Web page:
Take a look at my post here on how to Install and Configure Windows Server 2016 WSUS.
Automated Windows Server Patching with Ansible
I am a big fan of automating processes with Ansible. Ansible is a great multi-purpose automation tool that allows you to interact with both Linux and Windows Servers easily and perform manual tasks and process in an automated way.
Ansible interacts with Windows via the WinRM service that communicates over WS-MAN with Windows Servers. WinRM was introduced in Windows Vista and higher. WinRM allows Ansible to use PowerShell to make changes and configuration of Windows Servers/workstations.
I have covered the topic of how to manage Windows Servers with Ansible in the post: Manage and Configure Windows Servers with Ansible Tower
In general you:
- Install Ansible
- Make sure you have Kerberos authentication configured as I covered in this post: Configure Ansible Windows Server Kerberos authentication in Ubuntu
Once you have Ansible setup and Kerberos authentication configured for authenticating to your Windows Servers, you can use the following playbook to easily pull the latest Windows Updates and install on Windows Server. It uses the win_updates Ansible module to install patches.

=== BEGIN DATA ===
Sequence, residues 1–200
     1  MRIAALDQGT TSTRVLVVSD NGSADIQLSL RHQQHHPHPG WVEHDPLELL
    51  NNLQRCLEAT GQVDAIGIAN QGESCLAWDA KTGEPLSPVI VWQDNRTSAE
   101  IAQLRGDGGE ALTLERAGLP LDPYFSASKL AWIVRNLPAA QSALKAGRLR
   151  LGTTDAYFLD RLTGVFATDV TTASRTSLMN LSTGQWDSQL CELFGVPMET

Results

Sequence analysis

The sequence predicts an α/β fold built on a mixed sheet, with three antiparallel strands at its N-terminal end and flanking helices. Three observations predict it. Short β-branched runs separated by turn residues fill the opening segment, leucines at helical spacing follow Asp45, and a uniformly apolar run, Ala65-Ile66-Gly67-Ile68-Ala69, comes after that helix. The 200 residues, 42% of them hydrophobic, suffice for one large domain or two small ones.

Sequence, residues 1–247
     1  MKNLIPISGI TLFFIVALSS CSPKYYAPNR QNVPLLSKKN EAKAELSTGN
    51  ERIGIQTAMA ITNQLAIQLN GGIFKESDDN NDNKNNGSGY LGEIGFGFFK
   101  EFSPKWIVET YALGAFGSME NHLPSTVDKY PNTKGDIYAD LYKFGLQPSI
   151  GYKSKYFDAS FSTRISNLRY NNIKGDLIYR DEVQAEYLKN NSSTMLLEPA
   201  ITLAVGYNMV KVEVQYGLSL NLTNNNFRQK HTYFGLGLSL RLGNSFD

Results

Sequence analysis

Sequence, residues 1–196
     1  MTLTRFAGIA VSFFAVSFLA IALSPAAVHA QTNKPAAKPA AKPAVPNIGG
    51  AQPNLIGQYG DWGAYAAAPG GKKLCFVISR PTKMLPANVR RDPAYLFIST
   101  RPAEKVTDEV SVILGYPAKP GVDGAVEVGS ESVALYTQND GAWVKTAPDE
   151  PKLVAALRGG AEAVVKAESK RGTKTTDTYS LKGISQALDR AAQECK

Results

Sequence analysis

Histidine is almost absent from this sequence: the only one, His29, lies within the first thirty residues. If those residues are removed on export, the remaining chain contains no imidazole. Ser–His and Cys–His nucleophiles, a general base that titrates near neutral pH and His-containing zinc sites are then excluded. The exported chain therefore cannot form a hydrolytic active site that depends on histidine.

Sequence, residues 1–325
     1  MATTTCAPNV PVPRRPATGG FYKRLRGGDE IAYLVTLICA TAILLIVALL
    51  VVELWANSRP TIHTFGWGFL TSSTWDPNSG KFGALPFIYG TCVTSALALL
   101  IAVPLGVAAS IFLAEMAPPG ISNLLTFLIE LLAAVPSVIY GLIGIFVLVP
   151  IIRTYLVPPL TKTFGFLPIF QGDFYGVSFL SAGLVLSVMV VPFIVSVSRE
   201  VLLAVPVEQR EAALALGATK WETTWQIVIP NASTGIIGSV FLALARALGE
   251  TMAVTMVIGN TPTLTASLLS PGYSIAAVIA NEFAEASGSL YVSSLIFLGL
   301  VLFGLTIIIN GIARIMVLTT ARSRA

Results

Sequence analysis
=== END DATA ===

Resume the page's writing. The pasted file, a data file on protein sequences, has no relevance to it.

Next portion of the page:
--- - name: Search-only, return list of found updates (if any), log to c:\ansible_wu.txt win_updates: state: searched log_path: c:\ansible_wu.txt - name: install all critical and security updates win_updates: category_names: - CriticalUpdates - SecurityUpdates - UpdateRollups state: installed register: update_result - name: reboot host if required win_reboot: when: update_result.reboot_required
As you see above, the win_updates module has a few parameters including category_names that includes:
- A scalar or list of categories to install updates from. To get the list of categories, run the module with state=searched. The category must be the full category string, but is case insensitive.Some possible categories are Application, Connectors, Critical Updates, Definition Updates, Developer Kits, Feature Packs, Guidance, Security Updates, Service Packs, Tools, Update Rollups and Updates.
- So with this, you can only install security updates if you want to ensure minimal changes outside of getting the latest security patches.
This allows you to roll through all the Windows Servers that you have in your inventory file and easily get the latest Windows Server patches installed in your organization.
Use PSWindowsUpdate PowerShell module